Family business goes bankrupt just before Christmas – E24

Family business goes bankrupt just before Christmas – E24

Espen Mattson and his father ran up their debts in a desperate attempt to save the family business. On that little Christmas Eve, it was over.

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Nine people are out of a job after the family business Esmabygg Anlegg AS was declared bankrupt by the Trøndelag District Court on Wednesday.

– It is very difficult to end like this. Especially this happens in the middle of Christmas. Managing Director and Chairman of the Board Espan Madsen says.

– I think about my colleagues who are now out of work. He says it was painful and difficult to announce that their December salary would not be paid in January.

The building and construction industry is one of the industries hardest hit by the economic storm with rising interest rates and strong price growth.

Bankruptcy joins the construction industry's dire bankruptcy statistics. BizWeb reports that 1,128 construction companies have gone bankrupt so far in 2023. In the previous three years, the number of bankruptcies in the same sector ranged from 795 to 839.

Espen Mattson is Managing Director and Chairman of the Board at Esmabygg Anlegg AS

– Leave the black pepper behind

The father of three from Trondheim co-founded the company with his father Anders Madsen in 2012 after running his own business as a carpenter for four years. Father and son held half shares each.

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The construction company received work from companies and private individuals and developed its own housing projects.

Espen Mattson says the company ended up in a liquidity crisis as a result of non-payment of a total of NOK 4.5 million from two customers.

– The decline began with a difficult private client. We finished the job, but we left more than two million kroner in black money in the form of unpaid claims, says Madsen.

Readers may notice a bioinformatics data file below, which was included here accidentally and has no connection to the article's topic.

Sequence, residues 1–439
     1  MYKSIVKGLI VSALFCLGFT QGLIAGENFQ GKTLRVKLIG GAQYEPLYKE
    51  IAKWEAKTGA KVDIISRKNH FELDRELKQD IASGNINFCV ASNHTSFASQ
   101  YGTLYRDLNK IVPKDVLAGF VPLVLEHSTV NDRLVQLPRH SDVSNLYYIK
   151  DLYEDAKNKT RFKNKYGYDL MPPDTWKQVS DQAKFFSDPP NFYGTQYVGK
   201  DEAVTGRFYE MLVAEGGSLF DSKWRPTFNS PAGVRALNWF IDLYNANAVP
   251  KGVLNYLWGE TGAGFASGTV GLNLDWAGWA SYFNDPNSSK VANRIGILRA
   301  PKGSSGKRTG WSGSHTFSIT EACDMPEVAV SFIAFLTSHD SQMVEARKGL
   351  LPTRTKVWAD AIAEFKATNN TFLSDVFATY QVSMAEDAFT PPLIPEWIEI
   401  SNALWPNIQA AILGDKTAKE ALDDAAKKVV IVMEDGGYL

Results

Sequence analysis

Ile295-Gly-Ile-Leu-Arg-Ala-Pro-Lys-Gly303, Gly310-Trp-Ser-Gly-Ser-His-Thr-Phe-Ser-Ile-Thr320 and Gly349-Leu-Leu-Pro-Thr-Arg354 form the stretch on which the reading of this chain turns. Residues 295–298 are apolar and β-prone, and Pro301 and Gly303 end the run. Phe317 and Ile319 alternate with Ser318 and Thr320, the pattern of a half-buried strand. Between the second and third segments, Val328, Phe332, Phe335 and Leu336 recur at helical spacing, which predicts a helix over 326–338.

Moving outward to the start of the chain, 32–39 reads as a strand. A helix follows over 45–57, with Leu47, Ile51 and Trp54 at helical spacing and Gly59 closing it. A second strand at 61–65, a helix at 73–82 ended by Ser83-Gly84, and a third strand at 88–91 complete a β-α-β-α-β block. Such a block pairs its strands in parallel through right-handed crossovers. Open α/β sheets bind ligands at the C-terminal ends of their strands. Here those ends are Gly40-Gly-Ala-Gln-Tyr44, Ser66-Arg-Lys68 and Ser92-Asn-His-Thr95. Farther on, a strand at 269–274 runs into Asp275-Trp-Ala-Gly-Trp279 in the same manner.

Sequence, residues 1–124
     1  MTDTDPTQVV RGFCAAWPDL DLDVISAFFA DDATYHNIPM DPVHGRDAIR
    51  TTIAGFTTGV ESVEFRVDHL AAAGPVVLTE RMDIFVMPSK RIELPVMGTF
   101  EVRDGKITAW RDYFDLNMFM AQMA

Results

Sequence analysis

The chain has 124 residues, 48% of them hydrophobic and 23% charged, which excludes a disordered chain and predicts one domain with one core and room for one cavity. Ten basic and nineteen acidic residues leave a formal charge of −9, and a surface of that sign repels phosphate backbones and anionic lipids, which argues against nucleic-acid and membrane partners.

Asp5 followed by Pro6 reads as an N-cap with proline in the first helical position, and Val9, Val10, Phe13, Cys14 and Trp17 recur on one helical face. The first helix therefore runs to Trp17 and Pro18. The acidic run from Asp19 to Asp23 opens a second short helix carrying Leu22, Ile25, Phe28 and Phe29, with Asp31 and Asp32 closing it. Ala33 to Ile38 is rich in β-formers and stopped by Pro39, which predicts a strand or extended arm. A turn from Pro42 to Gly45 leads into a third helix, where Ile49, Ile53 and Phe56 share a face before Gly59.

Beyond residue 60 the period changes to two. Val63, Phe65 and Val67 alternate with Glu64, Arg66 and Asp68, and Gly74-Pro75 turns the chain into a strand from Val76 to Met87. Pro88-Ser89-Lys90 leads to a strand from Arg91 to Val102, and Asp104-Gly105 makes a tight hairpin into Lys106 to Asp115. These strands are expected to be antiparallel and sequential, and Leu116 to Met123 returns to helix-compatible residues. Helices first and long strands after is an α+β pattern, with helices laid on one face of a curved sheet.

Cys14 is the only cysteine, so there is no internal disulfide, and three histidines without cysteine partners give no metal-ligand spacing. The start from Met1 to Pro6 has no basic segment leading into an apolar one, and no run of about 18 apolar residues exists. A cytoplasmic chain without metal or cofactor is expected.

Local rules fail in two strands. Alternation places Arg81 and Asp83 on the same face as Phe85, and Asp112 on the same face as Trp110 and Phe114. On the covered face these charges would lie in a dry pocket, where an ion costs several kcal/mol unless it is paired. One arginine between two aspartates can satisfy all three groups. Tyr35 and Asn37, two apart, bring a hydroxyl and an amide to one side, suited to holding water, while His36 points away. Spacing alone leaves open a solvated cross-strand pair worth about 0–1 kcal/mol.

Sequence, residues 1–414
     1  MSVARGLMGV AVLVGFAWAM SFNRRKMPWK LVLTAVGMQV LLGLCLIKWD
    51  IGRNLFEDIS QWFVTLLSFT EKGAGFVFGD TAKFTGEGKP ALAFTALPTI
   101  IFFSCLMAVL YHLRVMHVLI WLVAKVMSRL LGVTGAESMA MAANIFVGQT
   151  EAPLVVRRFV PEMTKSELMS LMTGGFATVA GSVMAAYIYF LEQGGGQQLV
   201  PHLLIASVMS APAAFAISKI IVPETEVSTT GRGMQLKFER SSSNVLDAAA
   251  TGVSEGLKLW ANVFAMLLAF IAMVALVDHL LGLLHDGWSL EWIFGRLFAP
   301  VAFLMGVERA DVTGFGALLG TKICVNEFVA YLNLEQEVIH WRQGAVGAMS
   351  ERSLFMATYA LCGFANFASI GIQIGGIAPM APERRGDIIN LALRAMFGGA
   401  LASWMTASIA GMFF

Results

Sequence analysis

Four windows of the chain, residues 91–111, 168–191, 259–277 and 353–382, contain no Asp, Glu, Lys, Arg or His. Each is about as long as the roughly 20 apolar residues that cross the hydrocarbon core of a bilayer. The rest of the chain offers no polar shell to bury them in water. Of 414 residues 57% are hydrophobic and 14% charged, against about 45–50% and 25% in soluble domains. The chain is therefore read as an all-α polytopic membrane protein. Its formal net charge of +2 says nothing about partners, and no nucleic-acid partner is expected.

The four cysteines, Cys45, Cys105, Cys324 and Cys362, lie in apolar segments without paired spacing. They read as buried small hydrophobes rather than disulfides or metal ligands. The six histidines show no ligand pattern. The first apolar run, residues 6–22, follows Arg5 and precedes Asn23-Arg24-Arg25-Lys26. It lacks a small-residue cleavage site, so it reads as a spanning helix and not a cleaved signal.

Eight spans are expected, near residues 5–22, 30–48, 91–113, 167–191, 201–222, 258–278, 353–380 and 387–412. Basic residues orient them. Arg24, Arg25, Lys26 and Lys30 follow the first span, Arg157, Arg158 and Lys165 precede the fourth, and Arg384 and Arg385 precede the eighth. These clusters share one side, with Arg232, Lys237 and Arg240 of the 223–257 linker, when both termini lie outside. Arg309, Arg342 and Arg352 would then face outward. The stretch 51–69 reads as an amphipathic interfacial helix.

– In addition, we received a claim of more than two million kroner related to a building we previously sold, for an error beyond our control, he adds.

The house is not sold

At the same time a dispute with two clients dragged on, adding to the cash crunch. The company was unable to sell a semi-detached house they had built in Trondheim.

– We got valuations from four estate agents to make sure the property was priced right, but still not close to being sold at a fair price. At the same time, Madsen says, construction loan interest rates continued to rise and rise.

Eventually, the equity was completely eaten up. In the Trøndelag District Court, the company claimed NOK 23.5 million in debts and approximately NOK 16 million in assets.

– Bitter

Madsen says he and his father went to great lengths to try to save the family business.

– My father and I personally spent as much as we could and borrowed as much as we could to raise equity and keep the company alive. Eventually it got too heavy, he says.

Madsen says the company courted private investors, which didn't lead to success. When they received a note from the bank on Thursday, December 21, after a final push, they had no choice but to stop operations.

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– I called a board meeting the next day where we decided to call for a tender. “We don't want to act at the expense of the debtor,” he says.

Matson did not hide his bitterness.

– For a long time, I thought we would ride out the storm by bringing in new money or finally getting some of the millions we owe. Then last year's deficit can be converted into profit. On the contrary, he says, we live on debt.

Attorney Guy Stephenson was appointed trustee after the bankruptcy.

– The company has been struggling with cash flow problems for a long time. My initial impression is that the general manager has tried to get financing from banks and private investors. When this did not succeed, it decided to call for a tender because it did not want to operate at the borrower's expense, he says.

Stephenson, who has handled bankruptcy estates for many years on behalf of the Trøndelag District Court, says that in 2023 there were more bankruptcies than usual among players in the building and construction industry.

– Business may seem to have bad times. “We've had several major bankruptcies among local contractors and other players in construction,” Stephensen says.

Eirik Gjelsvik, CEO of contractor firm Bagin Group, recently told E24 that frequent interest rate hikes are “killing the industry” and that the group has already been forced to lay off 45 employees.

Since then, the policy rate has been raised by another 0.25 percentage points.

Joshi Akinjide

Joshi Akinjide

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